Scottish Refugee Council launches guidance to help social workers assess age of young people seeking asylum
We launch guidance to help social workers age assess young people seeking asylum
Age assessment guidance aimed at helping vulnerable young asylum seekers get the right support, is being launched today (Wednesday 13 June) by Scottish Refugee Council and Glasgow City Council.
A first for the UK
The practice guidance, which is a first in the UK, is aimed at helping social workers in Scotland to conduct the difficult task of accurately assessing the age of young asylum seekers.
Young people often arrive seeking asylum without any documentation showing their age; may not know their age or their appearance makes it hard to judge. Correct age assessment is vital in order to ensure that they get the protection and support that they need.
Age assessment - extremely difficult
The task is extremely difficult because research has consistently shown that there is no medical way of accurately assessing the age of young people.
Scottish Refugee Council has long raised concerns a lack of consistency, which has led to vulnerable young people finding themselves lost in the complex asylum system.
Together with Glasgow City Council and partners including COSLA, the Scottish Government and UKBA, we have taken practical steps to help ensure that all young people are correctly age assessed from the outset.
Training social workers across Scotland
50 social workers across Scotland today will be trained on using the guidance. We have also produced a leaflet for young people to help them understand the age assessment process.
COSLA has been working with partners on developing an information sharing protocol for use by local authorities and UKBA. This will help ensure that there is consistency and improvements in the information shared by local authorities with UKBA on the results of an age assessment.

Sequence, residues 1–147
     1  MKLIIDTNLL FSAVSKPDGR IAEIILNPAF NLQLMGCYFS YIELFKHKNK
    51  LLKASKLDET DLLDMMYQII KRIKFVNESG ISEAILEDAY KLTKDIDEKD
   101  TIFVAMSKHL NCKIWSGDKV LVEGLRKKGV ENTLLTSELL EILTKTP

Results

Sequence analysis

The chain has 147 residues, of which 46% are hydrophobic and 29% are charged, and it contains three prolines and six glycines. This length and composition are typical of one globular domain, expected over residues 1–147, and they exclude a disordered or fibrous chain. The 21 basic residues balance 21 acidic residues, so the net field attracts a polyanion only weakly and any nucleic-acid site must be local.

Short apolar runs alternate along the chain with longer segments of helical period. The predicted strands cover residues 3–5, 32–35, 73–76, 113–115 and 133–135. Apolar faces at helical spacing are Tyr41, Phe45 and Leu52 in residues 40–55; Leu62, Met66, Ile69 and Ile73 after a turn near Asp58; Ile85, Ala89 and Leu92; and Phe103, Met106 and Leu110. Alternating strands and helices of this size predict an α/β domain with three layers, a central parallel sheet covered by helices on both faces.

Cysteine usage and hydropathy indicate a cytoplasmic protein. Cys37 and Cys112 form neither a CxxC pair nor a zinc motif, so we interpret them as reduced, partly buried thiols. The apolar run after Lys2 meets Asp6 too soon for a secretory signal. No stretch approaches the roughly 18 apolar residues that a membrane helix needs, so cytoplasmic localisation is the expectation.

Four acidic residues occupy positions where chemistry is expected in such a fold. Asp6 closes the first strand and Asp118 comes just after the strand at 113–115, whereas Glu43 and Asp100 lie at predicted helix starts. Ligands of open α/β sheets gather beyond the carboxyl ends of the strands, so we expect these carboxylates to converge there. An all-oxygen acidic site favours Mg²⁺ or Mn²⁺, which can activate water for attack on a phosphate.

Clare Tudor, Children’s Policy Officer, Scottish Refugee Council said: “Age is a critical factor in asylum and immigration law as well as welfare law. A wrong decision made by authorities can have serious implications for how a young person will be treated in Scotland.
“While this is still an evolving piece of work, we feel it is a big step towards making age assessment more transparent, child-focussed, consistent and ultimately fairer.
Above all we hope this work will play a significant role in improving the lives of the young people seeking protection in Scotland.”
Councillor Matt Kerr, Glasgow City Council's Executive Member for Social Care, said: "We are fortunate in Glasgow to have specialist social workers handling the highly complex and challenging issue of age assessment.
"Many of these young people arrive without any form of identification, do not know their date of birth and have never celebrated their birthday as they come from societies where age is not seen as important.
"We hope this collaborative project is an important step towards a dramatic improvement in the standard and consistency of age assessments across Scotland."